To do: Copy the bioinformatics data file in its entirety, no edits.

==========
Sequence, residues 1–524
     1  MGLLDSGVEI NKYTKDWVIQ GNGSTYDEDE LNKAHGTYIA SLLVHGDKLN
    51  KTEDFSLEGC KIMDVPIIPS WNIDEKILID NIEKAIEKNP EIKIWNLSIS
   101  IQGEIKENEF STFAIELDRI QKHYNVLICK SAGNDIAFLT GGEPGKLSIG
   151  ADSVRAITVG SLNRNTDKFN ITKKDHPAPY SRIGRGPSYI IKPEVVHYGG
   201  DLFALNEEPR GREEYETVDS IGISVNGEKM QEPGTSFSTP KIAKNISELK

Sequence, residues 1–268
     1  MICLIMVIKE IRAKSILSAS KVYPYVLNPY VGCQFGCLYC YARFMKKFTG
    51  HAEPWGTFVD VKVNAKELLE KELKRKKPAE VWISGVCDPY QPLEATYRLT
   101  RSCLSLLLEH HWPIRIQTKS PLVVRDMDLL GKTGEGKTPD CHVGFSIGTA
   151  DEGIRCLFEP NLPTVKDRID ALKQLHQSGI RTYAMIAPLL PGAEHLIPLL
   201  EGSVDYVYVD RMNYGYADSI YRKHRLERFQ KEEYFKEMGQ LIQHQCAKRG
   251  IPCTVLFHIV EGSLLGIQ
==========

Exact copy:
Sequence, residues 1–524
     1  MGLLDSGVEI NKYTKDWVIQ GNGSTYDEDE LNKAHGTYIA SLLVHGDKLN
    51  KTEDFSLEGC KIMDVPIIPS WNIDEKILID NIEKAIEKNP EIKIWNLSIS
   101  IQGEIKENEF STFAIELDRI QKHYNVLICK SAGNDIAFLT GGEPGKLSIG
   151  ADSVRAITVG SLNRNTDKFN ITKKDHPAPY SRIGRGPSYI IKPEVVHYGG
   201  DLFALNEEPR GREEYETVDS IGISVNGEKM QEPGTSFSTP KIAKNISELK

Sequence, residues 1–268
     1  MICLIMVIKE IRAKSILSAS KVYPYVLNPY VGCQFGCLYC YARFMKKFTG
    51  HAEPWGTFVD VKVNAKELLE KELKRKKPAE VWISGVCDPY QPLEATYRLT
   101  RSCLSLLLEH HWPIRIQTKS PLVVRDMDLL GKTGEGKTPD CHVGFSIGTA
   151  DEGIRCLFEP NLPTVKDRID ALKQLHQSGI RTYAMIAPLL PGAEHLIPLL
   201  EGSVDYVYVD RMNYGYADSI YRKHRLERFQ KEEYFKEMGQ LIQHQCAKRG
   251  IPCTVLFHIV EGSLLGIQ